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Tsunami alert first step in Delhi

New Delhi, Jan. 21: A tsunami-warning system is likely to be ready in two years, top scientists said today at a workshop organised by the Indian National Science Academy.

Soon after the killer waves ravaged the Indian coastline, science and technology minister Kapil Sibal had said the government was working towards installing a monitoring and warning system in the Indian Ocean to detect tsunamis.

At today's workshop, the project was given a shape as scientists came up with a rough blueprint.

A tsunami-warning system already exists in the Pacific region, which has seen 700 tsunamis in the last 100 years compared to two or three in the Indian Ocean. Sibal said the monitoring system will work in tandem with the Pacific system.

The device, known as Deep Ocean Assessment and Reporting of Tsunami (DART), will cost between Rs 100 crore and Rs 125 crore. Approximately 10-12 DARTs will be installed in the Indian Ocean between Java\Sumatra and Myanmar.

The science and technology minister said all the key elements of the system are likely to be in place by March 2006 and the system will start functioning by 2007.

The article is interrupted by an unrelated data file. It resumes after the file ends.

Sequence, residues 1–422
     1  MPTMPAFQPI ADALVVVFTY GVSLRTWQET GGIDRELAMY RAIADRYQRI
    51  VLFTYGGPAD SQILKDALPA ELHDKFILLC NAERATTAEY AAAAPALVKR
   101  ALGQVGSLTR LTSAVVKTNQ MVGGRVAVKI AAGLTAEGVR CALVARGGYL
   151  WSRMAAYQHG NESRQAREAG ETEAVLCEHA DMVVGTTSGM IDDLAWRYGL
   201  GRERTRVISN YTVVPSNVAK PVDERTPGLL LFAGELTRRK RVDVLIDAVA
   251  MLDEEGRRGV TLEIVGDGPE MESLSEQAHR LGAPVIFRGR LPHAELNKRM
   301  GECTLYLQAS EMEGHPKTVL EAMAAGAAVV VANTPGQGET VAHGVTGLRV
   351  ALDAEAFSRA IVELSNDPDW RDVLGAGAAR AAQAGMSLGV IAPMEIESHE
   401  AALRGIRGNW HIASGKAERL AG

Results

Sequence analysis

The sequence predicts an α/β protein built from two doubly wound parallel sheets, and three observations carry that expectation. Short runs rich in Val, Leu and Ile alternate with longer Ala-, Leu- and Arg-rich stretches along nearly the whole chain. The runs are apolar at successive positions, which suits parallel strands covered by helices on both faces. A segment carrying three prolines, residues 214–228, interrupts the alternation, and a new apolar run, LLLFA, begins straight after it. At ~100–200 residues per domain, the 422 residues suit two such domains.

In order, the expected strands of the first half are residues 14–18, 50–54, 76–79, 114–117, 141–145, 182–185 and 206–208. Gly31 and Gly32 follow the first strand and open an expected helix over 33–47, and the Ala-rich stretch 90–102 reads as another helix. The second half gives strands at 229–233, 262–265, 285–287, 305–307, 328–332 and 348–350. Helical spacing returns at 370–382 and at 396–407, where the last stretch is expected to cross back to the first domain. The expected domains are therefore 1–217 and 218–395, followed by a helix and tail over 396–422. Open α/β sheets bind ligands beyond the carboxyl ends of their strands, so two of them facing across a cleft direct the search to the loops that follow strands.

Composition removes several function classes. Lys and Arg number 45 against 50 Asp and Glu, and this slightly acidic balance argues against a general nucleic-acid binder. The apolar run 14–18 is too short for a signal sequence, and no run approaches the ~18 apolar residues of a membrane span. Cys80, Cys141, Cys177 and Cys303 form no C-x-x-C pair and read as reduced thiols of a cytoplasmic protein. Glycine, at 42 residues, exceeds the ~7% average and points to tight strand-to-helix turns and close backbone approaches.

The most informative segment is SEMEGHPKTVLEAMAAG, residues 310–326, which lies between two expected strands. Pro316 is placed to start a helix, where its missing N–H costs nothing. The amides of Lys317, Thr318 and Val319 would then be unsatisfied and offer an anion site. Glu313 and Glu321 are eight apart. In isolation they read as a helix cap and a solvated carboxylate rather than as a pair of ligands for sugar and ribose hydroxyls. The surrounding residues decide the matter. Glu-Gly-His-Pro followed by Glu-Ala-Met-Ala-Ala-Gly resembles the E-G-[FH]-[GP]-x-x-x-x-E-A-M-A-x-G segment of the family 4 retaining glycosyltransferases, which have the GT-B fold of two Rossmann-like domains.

According to Harsh Gupta, secretary of the ocean development department, there are two known 'tsunamigenic zones' ' areas where undersea earthquakes could produce tsunamis. One of these areas is south of the Andaman and Nicobar region and the other is near the coast of Baluchistan in Pakistan.

'We can't predict when tsunamis will occur, but we need a warning system there, too,' said scientists at the two-day workshop.

The system involves deploying instruments on the seabed in the Bay of Bengal and the northern Arabian Sea. It will harness India's software and space technology by which instruments on the seabed will send the information to floating buoys which would in turn relay data about waves to satellites for transmission to control stations on the ground.

Vinod Gaur, a scientist at the Centre for Mathematical Modelling in Bangalore, said the Kutch area also needs attention because geological history suggests it is prone to big earthquakes.

The pressure sensors to be deployed on the ocean bed are expensive but U.R. Rao, the former chief of the space department, said space scientists had extensive experience in developing pressure sensors and it would not be a problem.

Tad Murthy, the Indian-born scientist who played a role in setting up the Canadian tsunami-warning system, said he was not sure what role he could play.

'But I was invited to attend the meeting and I will be glad to help out,' he said.

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